When executed successfully, you will get a result as the following:

[2023-09-03 18:02:18 INFO] Scanning
[2023-09-03 18:02:19 INFO] (roger) Connected as tester, Target OS: Windows 10.0 Build 19041
[2023-09-03 18:02:19 INFO] (roger) Scanning \\roger\ADMIN$
[2023-09-03 18:02:19 INFO] (roger) Error accessing ADMIN$
[2023-09-03 18:02:19 INFO] (roger) Scanning \\roger\Backups
[2023-09-03 18:02:19 INFO] (roger) Scanning \\roger\C$
[2023-09-03 18:02:19 INFO] (roger) Error accessing C$
[2023-09-03 18:02:20 INFO] (roger) Scanning \\roger\E$
[2023-09-03 18:02:20 INFO] (roger) Error accessing E$
[2023-09-03 18:02:20 INFO] (roger) Scanning \\roger\inetpub
[2023-09-03 18:02:24 CRITICAL] Suspicous file: \\roger\inetpub\.ssh\id_rsa.pub (Sat Sep 02 10:48:14 2023, 4809)
[2023-09-03 18:02:25 INFO] Scan completed

The output shows that smbscan has found an accessible share containing potentially sensitive information. In this case a SSH public key.

Other options I have found useful when testing smbscan, were -t to run multiple threads in parallel, -f to provide a file with hosts to test, --exclude-shares to exclude known good shares, such as IPC$ and print$ shares. If you are on the hunt for specific files a domain, passing a custom pattern file using the parameter --patterns-file can be worth a try.

By default, smbscan creates a single CSV file per host that has scanned. If you rather work with one large CSV file instead, you can combine them into one as follows:

cat logs/smbscan-*.csv > smb_shares_combined.csv

Alternatives to smbscan

There is a plethora of SMB enumeration tools that currently exists. I have used the following with varying success.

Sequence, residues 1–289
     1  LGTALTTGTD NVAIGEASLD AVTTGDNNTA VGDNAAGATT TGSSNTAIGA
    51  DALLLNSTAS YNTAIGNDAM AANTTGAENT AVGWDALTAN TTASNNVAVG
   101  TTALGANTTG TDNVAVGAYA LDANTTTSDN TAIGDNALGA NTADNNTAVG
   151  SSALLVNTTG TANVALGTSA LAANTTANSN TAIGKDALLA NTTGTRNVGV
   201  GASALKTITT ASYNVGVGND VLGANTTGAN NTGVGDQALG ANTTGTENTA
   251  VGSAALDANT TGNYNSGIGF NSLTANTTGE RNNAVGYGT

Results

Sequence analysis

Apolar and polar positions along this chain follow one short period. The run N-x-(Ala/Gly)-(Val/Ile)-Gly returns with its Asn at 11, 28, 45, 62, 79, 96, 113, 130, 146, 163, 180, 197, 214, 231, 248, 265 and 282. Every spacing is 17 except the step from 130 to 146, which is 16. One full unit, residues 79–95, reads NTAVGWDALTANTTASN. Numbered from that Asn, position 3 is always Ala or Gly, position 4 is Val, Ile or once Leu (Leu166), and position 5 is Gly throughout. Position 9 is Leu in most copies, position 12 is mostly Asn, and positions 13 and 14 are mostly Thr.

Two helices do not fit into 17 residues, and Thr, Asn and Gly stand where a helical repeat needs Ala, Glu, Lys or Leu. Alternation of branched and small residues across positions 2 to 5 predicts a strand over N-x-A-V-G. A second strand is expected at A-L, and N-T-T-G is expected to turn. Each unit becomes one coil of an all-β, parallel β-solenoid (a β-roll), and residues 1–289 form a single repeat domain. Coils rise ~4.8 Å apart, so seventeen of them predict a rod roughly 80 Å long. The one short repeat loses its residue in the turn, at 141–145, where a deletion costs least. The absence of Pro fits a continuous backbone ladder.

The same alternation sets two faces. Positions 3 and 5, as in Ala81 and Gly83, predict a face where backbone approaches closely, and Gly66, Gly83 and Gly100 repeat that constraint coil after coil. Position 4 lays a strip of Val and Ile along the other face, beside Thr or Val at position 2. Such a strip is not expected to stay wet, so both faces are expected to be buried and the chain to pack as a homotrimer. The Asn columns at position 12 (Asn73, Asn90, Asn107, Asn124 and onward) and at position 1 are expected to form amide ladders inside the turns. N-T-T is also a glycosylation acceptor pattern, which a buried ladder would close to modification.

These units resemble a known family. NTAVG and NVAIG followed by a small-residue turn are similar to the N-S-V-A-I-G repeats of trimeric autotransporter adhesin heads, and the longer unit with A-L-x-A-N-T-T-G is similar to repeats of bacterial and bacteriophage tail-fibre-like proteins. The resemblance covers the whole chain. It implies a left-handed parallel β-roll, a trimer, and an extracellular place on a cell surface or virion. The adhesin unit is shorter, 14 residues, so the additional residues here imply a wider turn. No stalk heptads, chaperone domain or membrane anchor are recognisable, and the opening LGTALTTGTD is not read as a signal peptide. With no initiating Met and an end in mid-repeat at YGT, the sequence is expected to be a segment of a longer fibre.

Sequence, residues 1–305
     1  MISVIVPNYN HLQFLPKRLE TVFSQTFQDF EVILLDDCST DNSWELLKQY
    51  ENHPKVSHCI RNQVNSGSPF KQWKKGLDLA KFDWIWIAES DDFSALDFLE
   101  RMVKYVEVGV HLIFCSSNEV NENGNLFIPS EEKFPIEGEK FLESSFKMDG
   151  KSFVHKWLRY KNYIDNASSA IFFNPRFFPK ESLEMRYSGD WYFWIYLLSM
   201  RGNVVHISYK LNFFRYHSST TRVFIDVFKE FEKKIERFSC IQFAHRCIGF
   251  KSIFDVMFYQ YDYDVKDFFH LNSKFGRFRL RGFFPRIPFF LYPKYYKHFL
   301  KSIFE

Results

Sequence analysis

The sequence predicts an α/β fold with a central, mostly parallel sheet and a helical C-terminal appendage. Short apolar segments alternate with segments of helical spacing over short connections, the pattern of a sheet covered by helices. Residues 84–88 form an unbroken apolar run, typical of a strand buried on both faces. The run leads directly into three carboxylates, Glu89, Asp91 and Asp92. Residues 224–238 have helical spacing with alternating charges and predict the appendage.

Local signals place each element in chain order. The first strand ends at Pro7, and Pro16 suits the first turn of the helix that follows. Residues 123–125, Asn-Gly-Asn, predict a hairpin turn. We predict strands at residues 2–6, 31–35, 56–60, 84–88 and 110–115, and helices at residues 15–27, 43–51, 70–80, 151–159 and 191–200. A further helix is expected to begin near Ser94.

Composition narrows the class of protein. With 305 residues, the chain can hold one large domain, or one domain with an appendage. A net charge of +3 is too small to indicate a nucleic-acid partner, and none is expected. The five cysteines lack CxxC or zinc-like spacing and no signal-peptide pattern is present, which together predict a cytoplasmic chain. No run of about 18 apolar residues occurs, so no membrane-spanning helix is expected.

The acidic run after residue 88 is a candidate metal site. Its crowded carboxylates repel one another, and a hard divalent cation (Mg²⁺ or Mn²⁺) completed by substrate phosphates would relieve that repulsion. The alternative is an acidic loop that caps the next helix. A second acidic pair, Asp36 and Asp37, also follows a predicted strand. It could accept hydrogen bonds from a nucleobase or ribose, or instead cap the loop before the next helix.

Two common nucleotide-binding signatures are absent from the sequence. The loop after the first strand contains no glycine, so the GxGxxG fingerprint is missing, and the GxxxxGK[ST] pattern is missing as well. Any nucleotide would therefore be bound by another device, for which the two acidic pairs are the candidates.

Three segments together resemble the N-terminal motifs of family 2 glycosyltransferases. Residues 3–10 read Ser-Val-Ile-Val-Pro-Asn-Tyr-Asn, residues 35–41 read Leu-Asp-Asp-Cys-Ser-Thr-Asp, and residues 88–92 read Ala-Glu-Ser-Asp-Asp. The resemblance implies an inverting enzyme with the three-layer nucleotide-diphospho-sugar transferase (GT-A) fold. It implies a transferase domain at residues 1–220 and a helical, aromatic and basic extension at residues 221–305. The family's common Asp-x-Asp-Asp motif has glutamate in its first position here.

1. Nmap smb-enum-shares Script: It comes with the default script set of Nmap script and allows to enumerate shares on if an open SMB port is discovered. While it’s super straightforward its biggest problem is the lack of proper support for higher SMB versions. When combing through large networks I’d discovered several times that Nmap simply could not see shares if they were using SMB 2 and SMB 3.

  2. smbmap: smbmap is a popular tool that has been developed and maintained by ShawnDEvans and it comes as part of Kali Linux. Over time smbmap has developed into a swiss army knife for doing SMB operations. Among many things it allows to download and upload files, check file permissions and establish shells. From comparing smbmap and smbscan side by side I have noticed that smbscan runs much more reliable than smbscan. Especially when working in large domain settings, scans might break as noted in serveral issues (see issue 72 and issue 66).


In the ever-evolving world of network security, understanding and effectively enumerating SMB shares is still essential for discovering possible data leaks due to overly open file permissions and storage of sensitive files on shares. Remember, while smbscan can provide security professionals with valuable insights, always use it responsibly and in accordance with ethical hacking guidelines and legal requirements.